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McConaghy Boats 2021 - LEADERBOARD

Do you make these 3 boating safety mistakes?

by Scott Croft 2 Jul 2020 08:22 PDT

Most boaters don't like making mistakes, especially when it comes to safety. With the recent release of the U.S. Coast Guard's 2019 Recreational Boating Statistics, the BoatUS Foundation for Boating Safety and Clean Water recommends avoiding these three common boating mistakes to increase safety for all aboard.

  1. Using your cellphone to make a call, check social media, use a nonboating app, send emails, watch videos or anything else that distracts you from safely operating your boat. This all adds up to operator inattention and improper lookout, which combined with operator inexperience, excessive speed, and alcohol use rank in the top five primary contributing factors in accidents. Just like you do in your car, stay off your phone or other portable devices. Boaters should learn the S.C.A.N. (Search, Concentrate, Analyze, and Negotiate) method to help you navigate safely and stay clear of other traffic.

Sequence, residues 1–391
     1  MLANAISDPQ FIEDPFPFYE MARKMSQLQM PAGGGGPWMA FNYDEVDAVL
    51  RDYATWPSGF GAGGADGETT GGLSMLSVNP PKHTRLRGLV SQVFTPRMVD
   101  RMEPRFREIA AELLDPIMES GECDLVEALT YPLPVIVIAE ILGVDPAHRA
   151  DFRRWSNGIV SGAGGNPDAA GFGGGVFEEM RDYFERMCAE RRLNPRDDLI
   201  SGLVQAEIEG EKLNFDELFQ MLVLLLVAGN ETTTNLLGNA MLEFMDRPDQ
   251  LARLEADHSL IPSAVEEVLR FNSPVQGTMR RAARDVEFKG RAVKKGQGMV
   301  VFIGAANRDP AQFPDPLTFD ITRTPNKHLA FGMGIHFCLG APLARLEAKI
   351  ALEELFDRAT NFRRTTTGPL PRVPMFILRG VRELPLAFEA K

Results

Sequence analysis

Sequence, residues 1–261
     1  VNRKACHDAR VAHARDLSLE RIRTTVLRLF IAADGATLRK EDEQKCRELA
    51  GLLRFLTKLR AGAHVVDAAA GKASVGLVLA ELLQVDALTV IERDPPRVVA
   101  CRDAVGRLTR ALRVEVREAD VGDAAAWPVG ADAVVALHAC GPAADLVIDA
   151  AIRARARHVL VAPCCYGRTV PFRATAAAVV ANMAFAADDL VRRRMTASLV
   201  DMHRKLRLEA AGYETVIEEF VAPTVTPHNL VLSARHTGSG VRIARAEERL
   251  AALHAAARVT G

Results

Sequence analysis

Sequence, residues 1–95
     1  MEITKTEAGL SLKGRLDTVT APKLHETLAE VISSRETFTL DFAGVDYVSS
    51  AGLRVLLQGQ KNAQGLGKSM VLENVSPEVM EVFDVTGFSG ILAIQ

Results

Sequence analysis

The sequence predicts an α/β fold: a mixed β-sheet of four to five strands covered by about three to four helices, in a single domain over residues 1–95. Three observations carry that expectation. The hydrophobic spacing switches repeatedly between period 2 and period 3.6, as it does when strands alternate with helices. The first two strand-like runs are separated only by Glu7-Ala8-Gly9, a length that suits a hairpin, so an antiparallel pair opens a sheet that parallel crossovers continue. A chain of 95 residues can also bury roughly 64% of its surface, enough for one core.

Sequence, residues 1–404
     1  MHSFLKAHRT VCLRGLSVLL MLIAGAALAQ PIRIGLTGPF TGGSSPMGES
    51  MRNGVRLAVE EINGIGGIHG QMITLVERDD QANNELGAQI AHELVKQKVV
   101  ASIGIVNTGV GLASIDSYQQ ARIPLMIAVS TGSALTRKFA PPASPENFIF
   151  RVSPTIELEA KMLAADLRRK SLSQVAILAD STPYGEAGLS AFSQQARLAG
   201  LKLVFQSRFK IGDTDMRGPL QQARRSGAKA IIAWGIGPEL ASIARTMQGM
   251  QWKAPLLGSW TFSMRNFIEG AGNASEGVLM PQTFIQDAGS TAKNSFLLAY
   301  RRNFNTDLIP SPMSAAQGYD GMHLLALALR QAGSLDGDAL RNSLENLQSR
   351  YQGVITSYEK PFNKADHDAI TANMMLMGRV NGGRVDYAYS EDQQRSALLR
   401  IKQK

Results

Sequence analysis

2. Not taking a boating safety course. Many boaters only learn about boating safety from family or friends, which may not be the best education. Where instruction information was known, the 2019 report notes that 70% of deaths occurred on boats where the operator did not receive boating safety instruction. Don't wait until your state requires boating safety instruction - taking a course now will improve your chance for a safe day on the water. The BoatUS Foundation offers the only free, NASBLA-approved online boating safety course for 36 states.

  3. Allowing guests to consume unlimited amounts of alcohol aboard your boat, even if the captain is sober. Recreational vessels operate under a wide range of hazardous conditions from the hot blazing sun to wind-whipped waves kicked up by a late afternoon thunderstorm. All of these combined with alcohol create a challenge for the person at the helm, who is legally responsible for everyone aboard. Alcohol use is the leading known contributing factor in fatal boating accidents, and statistics show it may be better to save it for when you and your guests are safely back at the dock.

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